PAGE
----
The Short Squeeze that Did Not Materialise

Before the end of the operation, we contemplated whether the short-sellers could themselves be short-squeezed.  While it was hard to know, we reckoned that the bulk of the HK$79 billion worth of stocks sold to the HKMA on 28 August were sold short.  This logically meant that the short-sellers would need to borrow stocks to settle their trades.  The usual stock lenders in such circumstances were long-term investors who have stocks lying idle in their securities accounts and who have joined their custodians’ stock-lending programmes to obtain some (relatively small) fees on their large stock holdings to help defray custody and other costs.  In theory, if speculators made use of these programmes to launch a large-scale shorting of stocks with the aim of depressing stock prices, it would ultimately work significantly against the interests of the stock owners.  We made this point loud and clear, hoping to catch the attention not only of those owners of large amounts of HSI stocks that we could identify but also of the custodians.  We also sought agreement from the Clearing House for the Hong Kong Stock Exchange that it would strictly enforce the T+2 settlement rule in the Clearing House Rules.  This would mean that if a short-seller failed to deliver on T+2, the Clearing House would undertake a compulsory buy-in in the market at prevailing prices on behalf of the short seller who would then be liable for any losses.  If both stock-lending supply and timing were tight, the likely result would be more difficulty and potentially higher costs for short sellers to cover their shorts.  Ultimately, however, we were not able to secure strict application of the Clearing House Rules’ T+2 deadline for the trades transacted on 28 August and the short-sellers were allowed to settle on T+5.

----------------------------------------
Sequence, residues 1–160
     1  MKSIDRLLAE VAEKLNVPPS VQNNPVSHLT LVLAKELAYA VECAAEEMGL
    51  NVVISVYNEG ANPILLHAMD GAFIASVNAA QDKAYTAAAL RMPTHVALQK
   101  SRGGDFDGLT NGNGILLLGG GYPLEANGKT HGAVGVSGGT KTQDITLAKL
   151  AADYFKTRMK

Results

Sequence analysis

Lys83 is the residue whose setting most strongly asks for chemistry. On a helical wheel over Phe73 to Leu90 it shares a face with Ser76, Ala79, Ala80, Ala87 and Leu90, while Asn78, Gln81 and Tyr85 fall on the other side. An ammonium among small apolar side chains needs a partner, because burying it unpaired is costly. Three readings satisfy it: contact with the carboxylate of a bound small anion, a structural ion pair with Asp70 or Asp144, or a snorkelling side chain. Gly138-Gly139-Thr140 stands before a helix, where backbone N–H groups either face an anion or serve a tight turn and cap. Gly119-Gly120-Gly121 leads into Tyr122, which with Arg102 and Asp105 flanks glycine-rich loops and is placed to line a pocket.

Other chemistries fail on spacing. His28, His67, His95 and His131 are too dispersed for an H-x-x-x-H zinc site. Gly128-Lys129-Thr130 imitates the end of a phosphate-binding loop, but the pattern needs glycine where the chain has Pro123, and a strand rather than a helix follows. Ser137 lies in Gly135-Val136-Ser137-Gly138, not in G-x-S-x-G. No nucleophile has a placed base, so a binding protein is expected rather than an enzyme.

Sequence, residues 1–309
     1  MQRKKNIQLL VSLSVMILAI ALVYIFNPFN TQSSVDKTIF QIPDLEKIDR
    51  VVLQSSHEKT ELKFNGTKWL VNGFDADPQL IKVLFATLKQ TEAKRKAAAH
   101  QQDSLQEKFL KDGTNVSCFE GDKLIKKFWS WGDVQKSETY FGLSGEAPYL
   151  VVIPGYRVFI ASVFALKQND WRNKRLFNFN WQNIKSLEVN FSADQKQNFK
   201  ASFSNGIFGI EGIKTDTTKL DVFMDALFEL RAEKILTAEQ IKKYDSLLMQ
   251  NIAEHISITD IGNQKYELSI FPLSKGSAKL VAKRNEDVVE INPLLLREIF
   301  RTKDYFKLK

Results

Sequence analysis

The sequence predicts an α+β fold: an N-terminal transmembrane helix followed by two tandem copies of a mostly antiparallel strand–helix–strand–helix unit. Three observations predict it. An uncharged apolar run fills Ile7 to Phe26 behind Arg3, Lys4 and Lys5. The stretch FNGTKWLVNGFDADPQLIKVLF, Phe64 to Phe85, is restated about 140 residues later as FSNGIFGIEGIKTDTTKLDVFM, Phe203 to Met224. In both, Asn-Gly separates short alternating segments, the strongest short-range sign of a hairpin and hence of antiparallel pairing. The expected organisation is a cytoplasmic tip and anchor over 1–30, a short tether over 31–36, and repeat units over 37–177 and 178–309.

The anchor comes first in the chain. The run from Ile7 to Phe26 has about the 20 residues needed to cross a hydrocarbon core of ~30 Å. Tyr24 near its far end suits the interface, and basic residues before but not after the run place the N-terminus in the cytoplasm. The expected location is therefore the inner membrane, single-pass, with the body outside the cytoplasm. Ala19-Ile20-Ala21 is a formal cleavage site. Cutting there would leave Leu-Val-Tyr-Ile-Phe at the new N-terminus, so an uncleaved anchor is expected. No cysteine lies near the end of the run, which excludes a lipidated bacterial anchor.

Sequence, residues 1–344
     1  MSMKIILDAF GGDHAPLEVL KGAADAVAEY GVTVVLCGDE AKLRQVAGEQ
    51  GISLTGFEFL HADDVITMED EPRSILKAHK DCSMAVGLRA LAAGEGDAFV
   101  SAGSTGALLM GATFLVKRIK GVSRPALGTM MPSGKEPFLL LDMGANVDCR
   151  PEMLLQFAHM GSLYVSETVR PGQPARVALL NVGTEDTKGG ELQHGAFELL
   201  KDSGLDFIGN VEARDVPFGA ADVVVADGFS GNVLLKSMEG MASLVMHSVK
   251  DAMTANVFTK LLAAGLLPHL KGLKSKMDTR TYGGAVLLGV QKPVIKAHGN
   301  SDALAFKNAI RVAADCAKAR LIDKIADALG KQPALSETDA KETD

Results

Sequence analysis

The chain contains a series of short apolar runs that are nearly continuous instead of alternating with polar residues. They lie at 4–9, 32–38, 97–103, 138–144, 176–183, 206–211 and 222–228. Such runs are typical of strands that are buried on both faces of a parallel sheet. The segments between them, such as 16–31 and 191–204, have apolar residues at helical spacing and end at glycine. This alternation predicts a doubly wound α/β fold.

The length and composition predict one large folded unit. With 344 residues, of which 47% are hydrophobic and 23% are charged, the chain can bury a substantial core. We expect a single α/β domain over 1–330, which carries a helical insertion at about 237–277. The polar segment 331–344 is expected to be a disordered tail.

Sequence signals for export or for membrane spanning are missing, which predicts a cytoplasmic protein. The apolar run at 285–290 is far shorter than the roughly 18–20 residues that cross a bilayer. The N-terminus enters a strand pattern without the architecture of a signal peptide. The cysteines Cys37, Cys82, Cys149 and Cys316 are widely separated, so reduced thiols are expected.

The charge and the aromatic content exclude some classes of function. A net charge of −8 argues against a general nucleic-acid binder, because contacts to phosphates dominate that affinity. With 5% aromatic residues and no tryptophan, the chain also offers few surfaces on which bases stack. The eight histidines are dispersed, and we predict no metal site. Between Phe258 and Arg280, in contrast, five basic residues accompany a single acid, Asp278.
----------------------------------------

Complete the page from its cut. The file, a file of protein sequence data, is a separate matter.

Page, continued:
The Unwinding of the Speculative Shorts